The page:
Considering Yuuna's situation, she has more trouble blending in than anyone. Having to deal with sharing a room with Kogarashi doesn't make it any easier, as she has the habit of getting naked and wrapping herself around the poor guy like he's a hug pillow. It also doesn't help that she wakes up like this and proceeds to throw a ghost tantrum, causing everything in the room (including Kogarashi) to be tossed into the nearby river bend. However, by speaking with Chisaki via pen & paper, Yuuna learns how to be a better woman despite some of her shortcomings.
All of this is presented in Yuuna and the Haunted Hot Springs with a plethora of humor and misunderstandings. While there have been many a harem comedy that has relied on boob flashings and hands accidentally going on places they don't belong, this series actually tries its best to not be about that. Sure, there's quite a lot of nudity thrown around, and jokes about one's manhood are tossed in too, but this anime doesn't just want to focus on that. Instead, you actually get stories about characters maturing and opening up to people they were initially cold to in the beginning.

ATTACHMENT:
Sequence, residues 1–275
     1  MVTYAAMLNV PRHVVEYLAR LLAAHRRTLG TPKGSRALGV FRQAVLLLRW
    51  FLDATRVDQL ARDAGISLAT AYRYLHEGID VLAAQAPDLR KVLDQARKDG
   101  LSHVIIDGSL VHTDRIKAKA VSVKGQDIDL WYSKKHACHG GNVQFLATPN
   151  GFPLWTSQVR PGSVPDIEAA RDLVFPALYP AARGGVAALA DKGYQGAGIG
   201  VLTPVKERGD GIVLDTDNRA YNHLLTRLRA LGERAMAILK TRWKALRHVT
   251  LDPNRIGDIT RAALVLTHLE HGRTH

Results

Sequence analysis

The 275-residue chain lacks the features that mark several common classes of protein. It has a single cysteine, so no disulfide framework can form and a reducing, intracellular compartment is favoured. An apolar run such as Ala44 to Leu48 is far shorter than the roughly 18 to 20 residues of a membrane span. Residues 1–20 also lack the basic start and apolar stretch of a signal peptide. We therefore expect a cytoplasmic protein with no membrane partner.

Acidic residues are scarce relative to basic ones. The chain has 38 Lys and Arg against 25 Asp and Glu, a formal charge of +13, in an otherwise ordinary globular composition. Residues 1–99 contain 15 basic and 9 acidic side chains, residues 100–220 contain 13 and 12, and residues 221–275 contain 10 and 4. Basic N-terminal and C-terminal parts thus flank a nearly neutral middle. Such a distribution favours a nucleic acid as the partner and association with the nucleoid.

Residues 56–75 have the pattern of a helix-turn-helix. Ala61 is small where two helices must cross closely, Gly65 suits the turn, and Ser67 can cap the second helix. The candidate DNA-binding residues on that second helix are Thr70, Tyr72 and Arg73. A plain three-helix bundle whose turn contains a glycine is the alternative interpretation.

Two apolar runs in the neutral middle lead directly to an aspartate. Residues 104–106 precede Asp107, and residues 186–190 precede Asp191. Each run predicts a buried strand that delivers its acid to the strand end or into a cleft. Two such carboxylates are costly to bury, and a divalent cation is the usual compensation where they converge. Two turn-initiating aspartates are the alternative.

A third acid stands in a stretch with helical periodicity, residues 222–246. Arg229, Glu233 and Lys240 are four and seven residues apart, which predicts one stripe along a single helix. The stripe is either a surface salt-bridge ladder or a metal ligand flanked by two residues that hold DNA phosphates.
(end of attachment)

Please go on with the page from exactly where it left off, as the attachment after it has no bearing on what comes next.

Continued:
With that being said, there are rules about certain characters that seem to get broken from time-to-time. Since Yuuna is bound to Yuragi Inn, she will reappear back in her room the next morning, even if she's far from the area. In an arc where she gets kidnapped by the Black Dragon God Ryuuga (Yoshimasa Hosoya) and his half-sister Oboro (Mikako Komatsu), this fact never gets touched on when Kogarashi and the others race to save her from an impending marriage. Plot holes like this make it kind of hard to take what's being delivered at a worthy measure, thereby taking away any sort of urgency that may add some tension to the overall story.